The shift from road to rail will benefit passengers and help to reduce carbon emissions, while incorporation of best practices, as pioneered in Germany, will help with the regional integration and management of African railways, says UN-Habitat Urban Transport section head Dr Christian Schlosser. To provide an international perspective on African railway policy at the second Annual African Railway Summit, he was asked to present a case study on passenger railways. .
The second Annual African Railway Summit provided a complete package of knowledge required to build a well-inter- connected railway system in Africa, highlighting top rail projects on the African continent, including South Africa, Tanzania, Zambia, Namibia and Rwanda.
Organised by conference and training organiser Fleming Gulf Conferences, the summit was held at the Radisson Blu Gau-|train Hotel, in Sandton, Johan-nesburg, on November 5 and 6.
During a presummit interview Schlosser highlighted three best practices that are followed in passenger rail in Germany.
“Good practices in passenger rail in Germany can be observed in relation to establishing public transport institutions, integrated ticketing and coordination between national and regional train services. Firstly, the establishment of metropolitan transit associations/authorities is pivotal for providing integrated public transport services at the regional and the local level,” he says.
Passenger rail serves as the backbone of most systems and is closely coordinated with bus and light rail schedules. Simultaneously, metropolitan transit associations are char- acterised by a coordinated approach to planning, investment, marketing and information, even if there are different individual operators.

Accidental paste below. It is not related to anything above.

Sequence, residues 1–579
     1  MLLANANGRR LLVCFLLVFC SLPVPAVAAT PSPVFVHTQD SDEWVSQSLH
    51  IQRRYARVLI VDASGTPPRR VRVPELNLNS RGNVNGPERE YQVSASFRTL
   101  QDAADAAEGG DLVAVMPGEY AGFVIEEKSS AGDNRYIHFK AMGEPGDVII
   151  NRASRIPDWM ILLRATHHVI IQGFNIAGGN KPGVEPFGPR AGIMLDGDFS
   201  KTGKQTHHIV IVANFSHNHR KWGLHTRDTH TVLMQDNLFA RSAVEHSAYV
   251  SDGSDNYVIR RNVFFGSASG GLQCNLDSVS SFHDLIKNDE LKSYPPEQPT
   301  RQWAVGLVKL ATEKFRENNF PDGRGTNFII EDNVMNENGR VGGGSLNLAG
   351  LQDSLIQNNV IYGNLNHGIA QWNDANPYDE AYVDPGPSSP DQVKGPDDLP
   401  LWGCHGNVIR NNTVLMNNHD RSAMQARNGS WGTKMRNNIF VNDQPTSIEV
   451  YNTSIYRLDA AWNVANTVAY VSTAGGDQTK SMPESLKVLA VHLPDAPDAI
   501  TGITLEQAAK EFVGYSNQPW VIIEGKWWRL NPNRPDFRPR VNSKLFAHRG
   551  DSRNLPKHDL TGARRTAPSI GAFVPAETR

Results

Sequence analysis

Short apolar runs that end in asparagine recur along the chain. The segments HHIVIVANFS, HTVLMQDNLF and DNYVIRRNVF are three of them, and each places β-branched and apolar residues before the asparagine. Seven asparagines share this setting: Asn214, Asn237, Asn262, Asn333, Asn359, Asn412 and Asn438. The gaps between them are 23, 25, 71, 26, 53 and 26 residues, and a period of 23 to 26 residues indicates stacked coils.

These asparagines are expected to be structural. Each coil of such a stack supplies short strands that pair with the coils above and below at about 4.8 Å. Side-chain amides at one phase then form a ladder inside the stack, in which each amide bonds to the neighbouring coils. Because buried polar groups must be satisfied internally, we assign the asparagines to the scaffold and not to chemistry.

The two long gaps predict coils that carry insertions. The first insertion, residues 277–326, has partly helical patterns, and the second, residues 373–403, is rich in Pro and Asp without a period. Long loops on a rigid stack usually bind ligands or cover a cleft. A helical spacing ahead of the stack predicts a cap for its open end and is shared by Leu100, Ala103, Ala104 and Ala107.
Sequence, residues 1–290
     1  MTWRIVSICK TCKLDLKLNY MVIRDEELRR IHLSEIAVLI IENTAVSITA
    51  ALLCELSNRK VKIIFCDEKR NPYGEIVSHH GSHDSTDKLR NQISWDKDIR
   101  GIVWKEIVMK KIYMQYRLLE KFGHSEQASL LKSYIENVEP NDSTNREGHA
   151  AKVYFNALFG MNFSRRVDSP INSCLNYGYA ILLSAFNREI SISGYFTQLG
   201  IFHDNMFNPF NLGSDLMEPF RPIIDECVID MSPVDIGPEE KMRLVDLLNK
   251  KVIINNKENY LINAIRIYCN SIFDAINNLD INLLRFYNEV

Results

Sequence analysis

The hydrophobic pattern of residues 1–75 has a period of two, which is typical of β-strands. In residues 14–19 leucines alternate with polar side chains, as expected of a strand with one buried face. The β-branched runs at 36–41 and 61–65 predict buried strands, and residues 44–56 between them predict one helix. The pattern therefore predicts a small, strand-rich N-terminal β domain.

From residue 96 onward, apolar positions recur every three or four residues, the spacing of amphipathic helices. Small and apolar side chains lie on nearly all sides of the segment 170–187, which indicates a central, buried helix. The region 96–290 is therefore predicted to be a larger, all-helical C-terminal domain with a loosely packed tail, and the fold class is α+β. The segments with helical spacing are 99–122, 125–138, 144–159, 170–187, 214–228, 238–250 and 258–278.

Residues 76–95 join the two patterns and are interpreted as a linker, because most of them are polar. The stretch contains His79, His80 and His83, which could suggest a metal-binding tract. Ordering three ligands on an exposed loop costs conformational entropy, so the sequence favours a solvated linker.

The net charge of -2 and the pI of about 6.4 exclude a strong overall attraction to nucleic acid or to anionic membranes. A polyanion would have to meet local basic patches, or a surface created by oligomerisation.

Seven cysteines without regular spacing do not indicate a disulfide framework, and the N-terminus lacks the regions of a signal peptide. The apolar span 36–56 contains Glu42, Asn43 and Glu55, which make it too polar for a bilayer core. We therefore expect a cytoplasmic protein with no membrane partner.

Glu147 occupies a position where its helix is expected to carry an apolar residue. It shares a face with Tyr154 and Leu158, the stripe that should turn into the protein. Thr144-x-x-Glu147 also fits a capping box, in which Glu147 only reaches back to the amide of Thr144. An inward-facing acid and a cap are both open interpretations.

“Secondly, there is a comprehensive network of scheduled national train services and coordination with regional and local passenger rail services. The so-called ‘inter-city’ trains link most German cities with coordinated routes and interchange stations at least every two hours, and later on every hour,” says Schlosser.
“Lastly, integrated ticketing across all forms of transit is a cornerstone of successful metropolitan transit systems in Germany,” he notes.
A range of ticket options and time-bound passes are available in Germany to enable travel on a single ticket across various modes of public transport in urban areas. Further, there are individual ticket options that link local travel with the national rail system, mostly operated by publicly owned German rail company Deutsche Bahn.
Considering that more than 80% of the transport in Africa currently takes place on road, rail development needs strategic investment and planning.
The second Annual African Railway Summit was supported for the first time by heavy-haul specialist freight rail company Transnet Freight Rail (TFR), the largest division of State-owned Transnet.
TFR CE Siyabonga Gama was asked to join the summit’s CEO panel, which discussed the holistic development of railways across South Africa. CEOs from rapid rail and bus service group Gautrain, rail parastatal of Namibia TransNamib, Passenger Rail Agency of South Africa long-distance passenger rail service Shosholoza Meyl and business development company Walvis Bay Corridor Group were invited to lead the discussion.
Seventy per cent of attendees were from Africa, 10% from Europe, 10% from Asia, and the remaining 10% was made up by attendees from other parts of the world.
About Fleming Gulf
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